Four ways China can lead

China has also formed and improved other core ideas on global economic governance in advance of the September summit. Under the framework of the theme of the Hangzhou event, China has set four key issues that it believes it can play a leading role in promoting.

First, promote international trade and investment with an emphasis on fostering an open world economy and reinvigorating global growth, another main topic China has proposed since the 2013 G20 summit. China is evolving into a leader in advancing the new level of globalization that centered on promoting liberalization of trade and investment via the G20 platform. The first G20 Trade Ministerial Meeting held in July represented a major achievement of China’s G20 presidency in promoting the liberalization of trade and investment issues. China successfully coordinated the positions of the G20 major economies to oppose trade protectionism and promote global trade recovery and development. From the perspective of G20 mechanism building, it will also greatly enhance trade and investment issues in agenda of the forum.

Second, improve inclusive and interconnected growth, and implement the United Nations 2030 Agenda for Sustainable Development to strengthen the momentum of world economic growth. China’s position as the largest developing country has meant that it has had a natural interest in addressing development issues through the G20. China has listed the goal of implementing the UN 2030 Agenda as a main theme of the Hangzhou Summit. This issue in particular is consistent with the direction of China’s development, and exhibits the characteristics of the China G20 presidency.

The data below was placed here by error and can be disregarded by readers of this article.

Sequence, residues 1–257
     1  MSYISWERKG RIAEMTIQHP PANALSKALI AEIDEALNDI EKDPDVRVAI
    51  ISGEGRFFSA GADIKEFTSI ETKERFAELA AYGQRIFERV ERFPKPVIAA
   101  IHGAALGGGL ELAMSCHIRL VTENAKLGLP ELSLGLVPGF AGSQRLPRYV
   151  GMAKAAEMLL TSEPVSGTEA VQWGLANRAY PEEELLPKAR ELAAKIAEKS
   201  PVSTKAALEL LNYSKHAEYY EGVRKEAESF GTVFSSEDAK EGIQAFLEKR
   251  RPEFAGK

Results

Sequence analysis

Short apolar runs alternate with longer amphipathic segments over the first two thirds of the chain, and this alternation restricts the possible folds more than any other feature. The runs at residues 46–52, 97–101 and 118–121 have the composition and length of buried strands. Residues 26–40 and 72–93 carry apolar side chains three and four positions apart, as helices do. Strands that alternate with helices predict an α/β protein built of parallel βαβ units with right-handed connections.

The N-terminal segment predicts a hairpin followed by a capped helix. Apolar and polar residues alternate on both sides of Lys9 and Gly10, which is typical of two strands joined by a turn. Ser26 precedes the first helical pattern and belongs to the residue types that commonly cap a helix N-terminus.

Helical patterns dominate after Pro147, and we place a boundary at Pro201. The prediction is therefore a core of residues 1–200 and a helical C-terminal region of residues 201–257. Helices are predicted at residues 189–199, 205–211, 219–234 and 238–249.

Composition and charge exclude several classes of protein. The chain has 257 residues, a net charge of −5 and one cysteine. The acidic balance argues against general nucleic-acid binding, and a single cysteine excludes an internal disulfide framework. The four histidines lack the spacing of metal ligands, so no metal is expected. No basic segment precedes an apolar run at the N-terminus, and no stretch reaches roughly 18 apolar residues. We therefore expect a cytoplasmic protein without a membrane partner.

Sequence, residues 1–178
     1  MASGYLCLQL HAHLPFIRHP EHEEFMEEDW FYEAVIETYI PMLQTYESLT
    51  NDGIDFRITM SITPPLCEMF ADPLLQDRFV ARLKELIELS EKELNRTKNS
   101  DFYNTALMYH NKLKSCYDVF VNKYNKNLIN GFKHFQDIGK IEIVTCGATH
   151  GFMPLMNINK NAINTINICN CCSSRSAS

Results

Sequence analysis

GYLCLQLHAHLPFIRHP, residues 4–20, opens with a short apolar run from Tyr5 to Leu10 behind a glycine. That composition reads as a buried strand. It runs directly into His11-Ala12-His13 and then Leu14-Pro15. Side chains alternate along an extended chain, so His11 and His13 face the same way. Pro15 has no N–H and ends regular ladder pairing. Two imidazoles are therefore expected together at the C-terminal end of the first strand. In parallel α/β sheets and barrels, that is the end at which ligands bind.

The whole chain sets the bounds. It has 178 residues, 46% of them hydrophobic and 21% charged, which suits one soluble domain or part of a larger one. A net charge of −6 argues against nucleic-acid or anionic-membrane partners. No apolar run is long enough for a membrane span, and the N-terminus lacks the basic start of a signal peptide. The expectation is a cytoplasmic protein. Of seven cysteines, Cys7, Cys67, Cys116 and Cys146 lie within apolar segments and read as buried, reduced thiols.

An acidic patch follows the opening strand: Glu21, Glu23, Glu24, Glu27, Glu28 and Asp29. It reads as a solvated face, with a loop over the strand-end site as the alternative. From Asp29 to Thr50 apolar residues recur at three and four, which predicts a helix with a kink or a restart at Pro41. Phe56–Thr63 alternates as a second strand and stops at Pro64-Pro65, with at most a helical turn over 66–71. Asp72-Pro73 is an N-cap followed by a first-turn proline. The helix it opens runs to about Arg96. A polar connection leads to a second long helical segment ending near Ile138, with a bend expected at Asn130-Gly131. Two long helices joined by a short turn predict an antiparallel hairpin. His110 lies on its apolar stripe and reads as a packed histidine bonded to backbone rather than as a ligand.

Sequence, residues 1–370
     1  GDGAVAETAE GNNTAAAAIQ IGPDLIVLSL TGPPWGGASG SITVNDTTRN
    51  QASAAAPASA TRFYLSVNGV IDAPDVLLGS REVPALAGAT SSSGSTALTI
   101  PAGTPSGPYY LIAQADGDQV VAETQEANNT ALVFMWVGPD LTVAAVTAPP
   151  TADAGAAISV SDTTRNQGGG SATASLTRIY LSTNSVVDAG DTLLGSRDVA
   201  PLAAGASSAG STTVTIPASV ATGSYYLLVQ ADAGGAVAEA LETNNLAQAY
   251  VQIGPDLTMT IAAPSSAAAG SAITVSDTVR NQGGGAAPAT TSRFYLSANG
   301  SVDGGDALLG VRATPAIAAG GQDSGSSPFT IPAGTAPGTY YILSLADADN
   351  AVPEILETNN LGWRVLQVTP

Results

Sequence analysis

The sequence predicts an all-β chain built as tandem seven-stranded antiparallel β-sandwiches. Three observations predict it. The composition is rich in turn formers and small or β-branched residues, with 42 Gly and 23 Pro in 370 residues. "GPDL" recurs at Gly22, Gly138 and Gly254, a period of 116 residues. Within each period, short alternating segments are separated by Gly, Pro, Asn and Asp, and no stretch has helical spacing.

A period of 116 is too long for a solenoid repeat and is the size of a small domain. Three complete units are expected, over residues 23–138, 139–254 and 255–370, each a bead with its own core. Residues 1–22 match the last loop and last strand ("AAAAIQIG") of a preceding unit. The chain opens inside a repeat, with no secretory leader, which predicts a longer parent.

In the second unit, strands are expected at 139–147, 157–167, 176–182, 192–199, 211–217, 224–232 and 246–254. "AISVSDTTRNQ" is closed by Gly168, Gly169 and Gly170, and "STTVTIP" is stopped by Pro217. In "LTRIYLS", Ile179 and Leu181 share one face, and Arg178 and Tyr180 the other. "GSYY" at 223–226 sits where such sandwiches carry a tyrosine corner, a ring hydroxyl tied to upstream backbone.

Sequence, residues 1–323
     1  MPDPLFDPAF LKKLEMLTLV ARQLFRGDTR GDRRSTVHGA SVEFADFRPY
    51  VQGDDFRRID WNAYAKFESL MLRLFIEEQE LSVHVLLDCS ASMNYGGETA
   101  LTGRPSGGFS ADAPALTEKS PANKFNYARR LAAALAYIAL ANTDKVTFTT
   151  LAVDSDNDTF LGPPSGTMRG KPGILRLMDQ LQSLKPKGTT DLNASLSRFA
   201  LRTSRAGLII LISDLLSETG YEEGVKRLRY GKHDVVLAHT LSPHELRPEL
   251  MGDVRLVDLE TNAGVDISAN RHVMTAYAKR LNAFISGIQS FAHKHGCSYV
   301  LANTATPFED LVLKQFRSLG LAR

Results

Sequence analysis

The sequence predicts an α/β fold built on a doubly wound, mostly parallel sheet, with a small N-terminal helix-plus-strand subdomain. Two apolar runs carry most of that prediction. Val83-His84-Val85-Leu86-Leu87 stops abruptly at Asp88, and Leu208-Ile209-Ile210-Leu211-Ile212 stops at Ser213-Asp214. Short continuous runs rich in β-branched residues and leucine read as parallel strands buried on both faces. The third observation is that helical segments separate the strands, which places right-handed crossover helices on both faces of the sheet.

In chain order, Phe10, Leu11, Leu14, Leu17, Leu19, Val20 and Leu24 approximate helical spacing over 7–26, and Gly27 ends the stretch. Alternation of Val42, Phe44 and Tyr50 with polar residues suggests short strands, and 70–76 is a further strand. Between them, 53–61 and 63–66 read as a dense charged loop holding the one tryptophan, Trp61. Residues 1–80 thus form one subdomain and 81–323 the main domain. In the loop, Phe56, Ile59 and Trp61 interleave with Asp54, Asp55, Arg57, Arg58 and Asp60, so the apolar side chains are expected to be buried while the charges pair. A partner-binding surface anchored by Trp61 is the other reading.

Third, improve global economic and financial governance, which includes increasing the representation and voice of emerging markets and developing countries to strengthen microeconomic coordination, which China has advocated over the last three G20 summits. China will continue to promote the representation and say of emerging economies and developing countries at the IMF, especially given that the 2010 reform package giving emerging economies and developing countries more say in IMF proceedings was approved at the end of 2015.

Fourth, promote innovation-driven development and forge new sources of the world economy, including innovation in science and technology and promotion of the new industrial revolution and digital economy, as well as innovation in development concepts, institutions and mechanisms, business models, and structural reform.

Finally, in recent years China also began to embrace the idea of providing international public goods as a significant way to contribute to the global economic governance system. As the largest developing country and the second-largest economy in the world, China gradually realized it is supposed to do its part and contribute to international economic cooperation. By doing this, China would be treated as a responsible power and gain the status of a leading country in global economic governance. The global public goods provision prominently reflects China’s transition from a state-centric perspective to a global vision in global economic governance. It creates an opportunity for win-win cooperation for China and other countries in the global economic governance system. With China’s hosting of this year’s G20 Summit acting as a game changer, it is beginning to forge itself as an emerging leader in global economic governance with a global vision.

It is not an easy job to play a leading role in the G20. China needs cooperation and support from other key G20 members, such as the U.S., Canada, European countries and BRICS countries, to keep the forum relevant in global economic governance. Canada, “a middle power” and one of the founding countries of the G20 framework, can find common interests with China on maintaining the G20 as the premier forum for global economic governance and playing its positive role in international economic coordination.

Alex He’s new book, The Dragon’s Footprints: China in the Global Economic Governance System under the G20 Framework, will be released Aug. 25.